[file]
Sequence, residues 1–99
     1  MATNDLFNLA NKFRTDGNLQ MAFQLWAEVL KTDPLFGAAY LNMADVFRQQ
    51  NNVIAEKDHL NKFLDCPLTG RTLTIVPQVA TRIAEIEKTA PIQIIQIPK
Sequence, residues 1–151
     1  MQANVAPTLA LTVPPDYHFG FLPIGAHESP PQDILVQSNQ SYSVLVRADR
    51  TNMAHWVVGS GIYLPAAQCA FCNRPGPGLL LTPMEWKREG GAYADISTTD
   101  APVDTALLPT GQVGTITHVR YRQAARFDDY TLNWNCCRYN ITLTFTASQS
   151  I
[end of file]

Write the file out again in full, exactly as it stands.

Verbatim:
Sequence, residues 1–99
     1  MATNDLFNLA NKFRTDGNLQ MAFQLWAEVL KTDPLFGAAY LNMADVFRQQ
    51  NNVIAEKDHL NKFLDCPLTG RTLTIVPQVA TRIAEIEKTA PIQIIQIPK
Sequence, residues 1–151
     1  MQANVAPTLA LTVPPDYHFG FLPIGAHESP PQDILVQSNQ SYSVLVRADR
    51  TNMAHWVVGS GIYLPAAQCA FCNRPGPGLL LTPMEWKREG GAYADISTTD
   101  APVDTALLPT GQVGTITHVR YRQAARFDDY TLNWNCCRYN ITLTFTASQS
   151  I